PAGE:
Adversity Within Biodiversity (Rev. Lou Snead)
How Much Adversity Can Biodiversity Stand?
Just when we thought that addressing the adverse effects of global warming was the environmental priority of our age, now we are learning that protecting the biodiversity of life on earth may be an even more pressing environmental concern. According to Professor David Macdonald at Oxford University, biodiversity is both the most complex feature of our planet and the most vital. He argues that “Without biodiversity, there is no future for humanity”. This contention rests on several factors. First, that humanity depends on a sustainable ecosystem where a myriad of life forms interact with one another in a symbiotic way. Upset the balance of life forms in the planet's ecosystem too much, some say, and human life is at peril. Like carbon pollution in the stratosphere, there are clear indications that the human impact on the biosphere has damaged and may ultimately destroy the ability of the earth's biodiversity to survive. The assumption here is that human beings have the unique capacity to do irreparable harm to the earth's amazing complexity of biodiversity. Some experts warn that humanity is currently “burning the library of life”, simply out of increases in population and our rapacious anthropocentric appetites.
Others look at the millions of years of evolutionary life processes on earth and see phenomenal levels of adaptability and survival within the planet's biodiversity. Some in this camp place a lot of confidence in the amazing varieties of life forms to continue to find ways to perpetuate themselves. They argue that we have only managed to count 1.7 million species of animals, plants and fungi and there are likely to be 8-9 million and possibly up to 100 million more. This does not include the hundreds of thousands of bacteria life forms known to exist. From this perspective, humankind is simultaneously insignificant, even while being utterly dominant in the grand scheme of life on Earth. Now, a new groundbreaking assessment of all life on the planet has noted that the world’s 7.6 billion people represent just 0.01% of all living things. Yet since the dawn of civilization, humanity has caused the loss of 83% of all wild mammals and half of plants, while livestock kept by humans abounds. Those who subscribe to a belief in life's sustainability on earth suggest that humans may likely destroy ourselves before we jeopardize the survival of the entire biodiversity of the planet.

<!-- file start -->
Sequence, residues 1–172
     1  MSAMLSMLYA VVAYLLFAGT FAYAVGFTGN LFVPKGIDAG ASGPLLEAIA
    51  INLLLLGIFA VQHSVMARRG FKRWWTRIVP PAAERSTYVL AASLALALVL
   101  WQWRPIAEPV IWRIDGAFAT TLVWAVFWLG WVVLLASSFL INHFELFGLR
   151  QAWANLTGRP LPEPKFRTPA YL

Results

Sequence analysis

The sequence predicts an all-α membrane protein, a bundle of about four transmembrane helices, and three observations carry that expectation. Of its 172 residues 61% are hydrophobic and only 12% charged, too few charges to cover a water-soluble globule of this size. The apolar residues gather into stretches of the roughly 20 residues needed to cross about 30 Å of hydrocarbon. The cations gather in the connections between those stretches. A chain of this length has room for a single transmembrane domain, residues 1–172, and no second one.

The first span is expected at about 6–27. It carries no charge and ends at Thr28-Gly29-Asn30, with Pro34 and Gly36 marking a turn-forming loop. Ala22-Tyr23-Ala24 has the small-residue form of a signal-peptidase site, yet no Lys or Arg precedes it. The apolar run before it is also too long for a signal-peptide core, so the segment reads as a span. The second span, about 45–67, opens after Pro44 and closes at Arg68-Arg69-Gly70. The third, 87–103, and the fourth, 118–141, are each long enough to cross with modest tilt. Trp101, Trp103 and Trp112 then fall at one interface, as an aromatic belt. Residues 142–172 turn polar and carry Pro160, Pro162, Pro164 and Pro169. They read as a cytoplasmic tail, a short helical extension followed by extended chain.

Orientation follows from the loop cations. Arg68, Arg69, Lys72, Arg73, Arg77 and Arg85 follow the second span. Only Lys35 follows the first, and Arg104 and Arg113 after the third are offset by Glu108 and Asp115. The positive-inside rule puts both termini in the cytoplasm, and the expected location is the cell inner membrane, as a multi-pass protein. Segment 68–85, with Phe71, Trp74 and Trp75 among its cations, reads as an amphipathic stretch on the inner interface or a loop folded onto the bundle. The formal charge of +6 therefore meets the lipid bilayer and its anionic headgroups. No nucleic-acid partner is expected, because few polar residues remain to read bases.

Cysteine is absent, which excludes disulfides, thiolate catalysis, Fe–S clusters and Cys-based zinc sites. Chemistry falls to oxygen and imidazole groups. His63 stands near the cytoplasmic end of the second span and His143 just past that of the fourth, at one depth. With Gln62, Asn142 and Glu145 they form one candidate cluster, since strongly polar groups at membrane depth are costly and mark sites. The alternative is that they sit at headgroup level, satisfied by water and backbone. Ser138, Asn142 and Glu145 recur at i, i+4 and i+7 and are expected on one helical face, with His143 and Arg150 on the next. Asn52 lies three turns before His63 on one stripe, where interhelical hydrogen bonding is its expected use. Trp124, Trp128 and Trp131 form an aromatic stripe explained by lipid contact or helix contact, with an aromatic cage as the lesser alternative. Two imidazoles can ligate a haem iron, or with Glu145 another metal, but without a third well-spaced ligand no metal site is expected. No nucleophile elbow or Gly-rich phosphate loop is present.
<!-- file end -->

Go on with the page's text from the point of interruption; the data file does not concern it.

Like many speculations about Life, some of our viewpoints about the earth's biodiversity are shaped by our religious or ideological beliefs, primarily because only time will tell what will actually happen in the biosphere. Those who insist that a Creator God continues to direct and control the earth's systems and processes tend to guard against notions of human sovereignty over life. Those who believe that Life as we know it has been generated out of millions of years of chemical interactions and evolutionary processes may be less confident about some divine influence to curb human impacts on the earth's biodiversity. The existential adversity facing biodiversity on Earth is shared by a wide range of scientists, but even they differ in terms of any predictable outcomes. Stephen Hawkings thought we should free ourselves from planet Earth because the future of human existence is bleak. E.O Wilson worries as well about a “sixth extinction” due to extreme loses in habitat for numerous species, including humans. Yet, there is no consensus among scientists about what can or will happen in the future. Biologists seem to agree that adverse climate change, pandemics, nuclear holocaust, and even ecological collapses will not ultimately destroy all life forms on Earth, maybe just many of us humans. Assuming that overpopulation among our species presents a clear and present danger for the preservation of other species, a mass eradication of humans in the future (via Nature or human destructive forces) may represent the Earth's greatest hope for maintaining the current biodiversity of the planet.
So, serious questions remain as to what we should work and pray for in terms of the adversities facing biodiversity. As for me, practicing environmental stewardship to protect as much as possible the earth's biodiversity seems like the most prudent and faithful response for all creatures great and small. But those who insist that the interests of humankind should take priority over protecting other life forms represent another kind of adversity for biodiversity. If you don't believe me, ask Scott Pruitt.
Rev. Lou Snead